The Central Elections Committee on Tuesday barred Israeli television and radio stations from broadcasting a scheduled press conference with Prime Minister Benjamin Netanyahu. The decision by Israel Elections Committee chairman Justice Salim Joubran came after a petition issued by the Zionist Union and Yesh Atid argued that such a press conference would violate electioneering laws on the day of the vote.

6:21 p.m.
Zionist Union leader Isaac Herzog attacked Prime Minister Benjamin Netanyahu on Tuesday, saying that "Netanyahu's panic is embarrassing." Netanyahu had tried to get out the right-wing vote earlier on Tuesday by warning that Arab voters were going en masse to the polls. Herzog said in response that "those who want a prime minister that cares about his citizens and doesn't incite or divide must stand up, go out and vote."

5:59:
51 criminal cases have been opened thus far Tuesday for people impersonating others at voting booths, theft of vote slips, or for threatening staffers.

5:25 p.m.
Likud MK Ze'ev Elkin's grandfather, Arkadi Verchovsky, died at age 90 at his polling place in Neve Ya'akov, immediately after voting.

Verchovsky was a veteran of World War II who fought in the Red Army. He moved to Israel from the US in 2004.

Elkin told Ma'ariv that his grandfather was active until his last day, and even went out to convince his neighbors to vote for Likud last week.

4:50 p.m.
The voter turnout rate by 4 p.m Tuesday to the elections polls stood at 45.4 percent, according to the Central Elections Committee.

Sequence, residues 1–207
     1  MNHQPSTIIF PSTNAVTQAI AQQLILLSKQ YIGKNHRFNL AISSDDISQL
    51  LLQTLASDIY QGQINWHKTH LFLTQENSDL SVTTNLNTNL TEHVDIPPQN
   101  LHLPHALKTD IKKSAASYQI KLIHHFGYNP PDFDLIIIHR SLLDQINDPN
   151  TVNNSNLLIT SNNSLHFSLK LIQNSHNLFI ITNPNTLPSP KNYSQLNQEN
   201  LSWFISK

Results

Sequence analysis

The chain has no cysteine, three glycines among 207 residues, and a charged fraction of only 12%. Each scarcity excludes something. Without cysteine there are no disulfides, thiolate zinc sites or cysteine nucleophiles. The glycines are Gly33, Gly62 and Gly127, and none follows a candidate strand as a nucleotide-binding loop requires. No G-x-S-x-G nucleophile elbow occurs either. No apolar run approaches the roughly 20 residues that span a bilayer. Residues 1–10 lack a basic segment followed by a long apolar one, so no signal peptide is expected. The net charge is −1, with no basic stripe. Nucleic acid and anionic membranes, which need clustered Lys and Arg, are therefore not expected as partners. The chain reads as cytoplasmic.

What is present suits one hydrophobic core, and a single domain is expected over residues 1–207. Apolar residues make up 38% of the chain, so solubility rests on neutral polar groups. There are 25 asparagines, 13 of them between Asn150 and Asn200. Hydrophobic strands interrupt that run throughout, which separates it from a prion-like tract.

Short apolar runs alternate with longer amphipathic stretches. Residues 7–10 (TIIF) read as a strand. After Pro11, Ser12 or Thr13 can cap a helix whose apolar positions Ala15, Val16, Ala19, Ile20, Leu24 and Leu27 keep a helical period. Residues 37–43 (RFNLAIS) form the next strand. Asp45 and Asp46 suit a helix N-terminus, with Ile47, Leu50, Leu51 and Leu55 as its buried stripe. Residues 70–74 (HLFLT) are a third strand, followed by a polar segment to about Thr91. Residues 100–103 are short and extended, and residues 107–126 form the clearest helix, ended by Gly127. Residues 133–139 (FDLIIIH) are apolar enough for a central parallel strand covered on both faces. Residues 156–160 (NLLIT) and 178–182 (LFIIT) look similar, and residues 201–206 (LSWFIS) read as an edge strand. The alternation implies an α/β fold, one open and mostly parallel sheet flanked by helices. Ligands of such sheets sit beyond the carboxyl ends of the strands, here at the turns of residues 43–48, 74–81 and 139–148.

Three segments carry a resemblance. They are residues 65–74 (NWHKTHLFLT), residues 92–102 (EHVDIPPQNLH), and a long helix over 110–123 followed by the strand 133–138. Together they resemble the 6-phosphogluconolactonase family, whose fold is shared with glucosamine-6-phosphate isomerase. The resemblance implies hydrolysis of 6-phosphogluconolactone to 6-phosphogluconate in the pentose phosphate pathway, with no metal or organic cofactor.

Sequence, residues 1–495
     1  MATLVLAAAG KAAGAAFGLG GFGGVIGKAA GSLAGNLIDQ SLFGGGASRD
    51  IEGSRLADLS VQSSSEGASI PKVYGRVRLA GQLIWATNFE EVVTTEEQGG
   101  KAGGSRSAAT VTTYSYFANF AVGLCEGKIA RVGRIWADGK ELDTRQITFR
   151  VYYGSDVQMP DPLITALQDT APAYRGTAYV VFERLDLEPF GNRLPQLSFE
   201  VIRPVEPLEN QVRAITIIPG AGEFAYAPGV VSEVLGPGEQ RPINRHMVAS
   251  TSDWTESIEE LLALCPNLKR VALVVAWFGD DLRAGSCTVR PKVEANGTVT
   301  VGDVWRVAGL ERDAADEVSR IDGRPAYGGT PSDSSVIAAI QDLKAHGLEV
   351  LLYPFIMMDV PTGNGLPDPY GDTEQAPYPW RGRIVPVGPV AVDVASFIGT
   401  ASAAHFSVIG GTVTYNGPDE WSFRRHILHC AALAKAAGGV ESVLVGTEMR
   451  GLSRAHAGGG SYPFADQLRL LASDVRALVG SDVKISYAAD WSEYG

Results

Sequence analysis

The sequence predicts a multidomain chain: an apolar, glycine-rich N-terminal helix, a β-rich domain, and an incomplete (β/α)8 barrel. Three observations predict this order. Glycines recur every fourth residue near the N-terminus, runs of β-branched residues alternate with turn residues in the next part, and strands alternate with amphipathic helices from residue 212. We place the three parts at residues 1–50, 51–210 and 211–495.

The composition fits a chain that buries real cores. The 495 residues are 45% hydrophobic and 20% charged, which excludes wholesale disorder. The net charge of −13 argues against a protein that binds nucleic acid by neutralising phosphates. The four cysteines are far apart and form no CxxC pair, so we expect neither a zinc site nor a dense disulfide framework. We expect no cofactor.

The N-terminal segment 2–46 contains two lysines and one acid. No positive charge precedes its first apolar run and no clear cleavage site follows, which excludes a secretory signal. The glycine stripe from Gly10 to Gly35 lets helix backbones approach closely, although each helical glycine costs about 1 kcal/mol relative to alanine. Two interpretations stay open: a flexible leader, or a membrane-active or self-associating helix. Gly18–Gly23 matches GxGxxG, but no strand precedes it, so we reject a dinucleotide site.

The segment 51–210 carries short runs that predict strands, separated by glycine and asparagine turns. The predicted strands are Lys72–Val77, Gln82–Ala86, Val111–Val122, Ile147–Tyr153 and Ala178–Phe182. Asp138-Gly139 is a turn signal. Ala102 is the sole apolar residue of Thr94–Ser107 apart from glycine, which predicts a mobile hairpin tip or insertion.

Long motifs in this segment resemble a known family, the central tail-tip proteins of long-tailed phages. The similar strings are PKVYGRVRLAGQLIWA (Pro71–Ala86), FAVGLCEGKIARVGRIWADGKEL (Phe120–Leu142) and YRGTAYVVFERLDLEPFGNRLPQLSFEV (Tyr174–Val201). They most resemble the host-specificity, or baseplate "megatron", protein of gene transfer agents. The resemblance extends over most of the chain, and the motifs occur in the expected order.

The latest figure trailed slightly from the 46.6% voter turnout at the same hour in the last election in January 2013.

4:20 p.m.
Likud MK Miri Regev called on all of Israel's citizens to go to the polls on Tuesday and vote in favor of her party, lead by Prime Minister Benjamin Netanyahu, in order to prevent the possibility of Zionist Union leader Isaac Herzog from assuming the premiership.

As Regev cast her vote, she noted that constituents from the Israeli Arab sector were arrivng to polling stations and increasing the voter turnout. She said that buses provided by the V15 group that seeks a new government were transporting Israeli Arabs with the goal of overthrowing the current right-wing government.

4:13 p.m. 
State Comptroller Jospeh Shapira will tour the country’s election polling sites as around 100 of his staff police check those sites for Election Day violations.

The 100 staff members are split into 40 groups to better cover the country’s 19 regional polling cites as well as special polling sites, such as IDF, prison, and hospital sites, which have encountered serious problems.

The comptroller’s office will be checking for violations of: harm to purity of elections, proper spreading out of polling sites and their logistical operations, sufficient access to polling sites in specific areas and the manner in which the votes are collected and counted.